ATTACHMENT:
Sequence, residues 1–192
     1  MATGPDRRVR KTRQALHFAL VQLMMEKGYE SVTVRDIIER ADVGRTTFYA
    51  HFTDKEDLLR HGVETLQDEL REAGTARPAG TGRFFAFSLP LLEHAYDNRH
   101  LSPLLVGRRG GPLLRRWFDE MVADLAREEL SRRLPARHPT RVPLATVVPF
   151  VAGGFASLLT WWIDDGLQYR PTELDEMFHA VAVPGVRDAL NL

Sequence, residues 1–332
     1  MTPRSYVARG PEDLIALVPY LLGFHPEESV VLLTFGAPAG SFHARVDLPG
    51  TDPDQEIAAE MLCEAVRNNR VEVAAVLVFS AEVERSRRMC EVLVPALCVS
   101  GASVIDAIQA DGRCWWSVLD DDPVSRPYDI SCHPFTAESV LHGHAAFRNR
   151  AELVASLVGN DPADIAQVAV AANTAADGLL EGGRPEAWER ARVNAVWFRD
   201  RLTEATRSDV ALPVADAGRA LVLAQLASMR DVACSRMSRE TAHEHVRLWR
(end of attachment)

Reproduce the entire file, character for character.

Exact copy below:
Sequence, residues 1–192
     1  MATGPDRRVR KTRQALHFAL VQLMMEKGYE SVTVRDIIER ADVGRTTFYA
    51  HFTDKEDLLR HGVETLQDEL REAGTARPAG TGRFFAFSLP LLEHAYDNRH
   101  LSPLLVGRRG GPLLRRWFDE MVADLAREEL SRRLPARHPT RVPLATVVPF
   151  VAGGFASLLT WWIDDGLQYR PTELDEMFHA VAVPGVRDAL NL

Sequence, residues 1–332
     1  MTPRSYVARG PEDLIALVPY LLGFHPEESV VLLTFGAPAG SFHARVDLPG
    51  TDPDQEIAAE MLCEAVRNNR VEVAAVLVFS AEVERSRRMC EVLVPALCVS
   101  GASVIDAIQA DGRCWWSVLD DDPVSRPYDI SCHPFTAESV LHGHAAFRNR
   151  AELVASLVGN DPADIAQVAV AANTAADGLL EGGRPEAWER ARVNAVWFRD
   201  RLTEATRSDV ALPVADAGRA LVLAQLASMR DVACSRMSRE TAHEHVRLWR